Blair Park Leaves The Neighborhood

Did you catch the CBS-5 news last night?  Our Blair Park conservation vs. development concerns are no longer hyper-local, as they made the early TV newscasts.

First, the Friends of Moraga Canyon’s Sandra Pohutsky and Peggy Esposito appeared on air.  “I agree more soccer fields are needed,” declared Esposito.  “It’s a wildlife corridor, so you are destroying a lot to appease the soccer clubs.”  The Moraga Avenue traffic problems were discussed as well.

Then Steve Schiller, past president of the Piedmont Soccer Club,  explained that 1,200 Piedmont kids play soccer and “there isn’t any other space in Piedmont.”  The plans for two soccer fields, snack bar, overhead crosswalk and parking lot were mentioned in the newscasts.

In coming months, there will be environmental and other reviews by the City of Piedmont.  Oakland has officially submitted their concerns, with our city bordering the potential project.  Of course, sports field development is hardly a fait accompli.

From this TV coverage, we suppose that Bay Area viewers understood the classic conflict and little else.  This report merely wrapped up with a “stay tuned,” as Piedmont’s review process plays out.

5 thoughts on “Blair Park Leaves The Neighborhood

  1. Wildlife corridor is a stretch – between what? The freeway and city hall?

    The fields would certainly have a visual impact on the drive. And more cars. Fact is Moraga Ave. has too many cars today, mostly speeding – it is very difficult to maintain 25 mph driving down from Montclair.

  2. What makes this a “corridor” is that it’s the north-south greenspace where wildlife go from the PG&E land and the Mountain View Cemetery up into the Piedmont Reservoir areas. If you live near enough to hear the owls at night you understand the value of this land.

    It was disappointing that the news folks did not pick up more on Andy’s point – the impact on traffic. The loss of Blair Park as an emergency staging area and the need for Moraga Avenue as emergency egress in case of disaster are hugely relevant to this discussion.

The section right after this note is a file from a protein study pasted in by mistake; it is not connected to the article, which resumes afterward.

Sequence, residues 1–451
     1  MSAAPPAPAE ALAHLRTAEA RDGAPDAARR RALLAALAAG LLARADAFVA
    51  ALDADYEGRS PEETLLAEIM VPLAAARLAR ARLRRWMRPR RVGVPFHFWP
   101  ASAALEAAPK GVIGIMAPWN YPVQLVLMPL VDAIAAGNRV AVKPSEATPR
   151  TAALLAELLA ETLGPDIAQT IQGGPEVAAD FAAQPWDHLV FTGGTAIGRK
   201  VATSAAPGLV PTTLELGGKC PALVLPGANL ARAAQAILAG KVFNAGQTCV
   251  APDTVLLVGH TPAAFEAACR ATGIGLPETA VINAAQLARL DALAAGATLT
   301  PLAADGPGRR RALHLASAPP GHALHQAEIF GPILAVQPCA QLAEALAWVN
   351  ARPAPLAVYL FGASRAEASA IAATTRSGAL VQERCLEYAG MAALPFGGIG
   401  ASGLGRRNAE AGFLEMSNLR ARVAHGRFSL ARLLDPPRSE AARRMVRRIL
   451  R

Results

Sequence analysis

The sports complex supporters’ simulations look great; they might actually be great in an appropriate space. Blair Park, however, is not big enough. The fields will not even be regulation size.

    The proponents of the sports fields cast the Oakland opposition as NIMBY-focused, but they have placed these fields on their city’s outer perimeter without regard for the inevitable negative impact on their neighbors.

    1. The negative impact will affect many Piedmont residents too. The extremely high retaining walls could be destabilized and collapse in an earthquake. It is less than a mile to the Hayward Fault! The houses on Scenic Ave. above could come tumbling down. Who will pay for that?? The City should explore feasible alternatives, like developing multiple regulation fields with lights in the existing open space at Merritt College (5 minutes away)!

      1. I am not aware of a retaining wall failure in an earthquake – these are very stable structures. How a retaining wall failure on Moraga Ave. could effect houses above on Scenic Ave. – only in a Hollywood movie.

  3. There are so many reasons that this is a bad idea: too much traffic, too dangerous an area for children to safely cross, not enough parking, non-regulation sized fields, wildlife corridor impacted, eyesore creation, this area would be unavailable as a staging area for emergency vehicles during another Oakland fire or Hayward fault earthquake. I wonder why then some people are so adamant about shoving this project through, especially when the Merritt College fields do provide an far safer, cheaper and more agreeable alternative. Is someone set to make a lot of money from this project?

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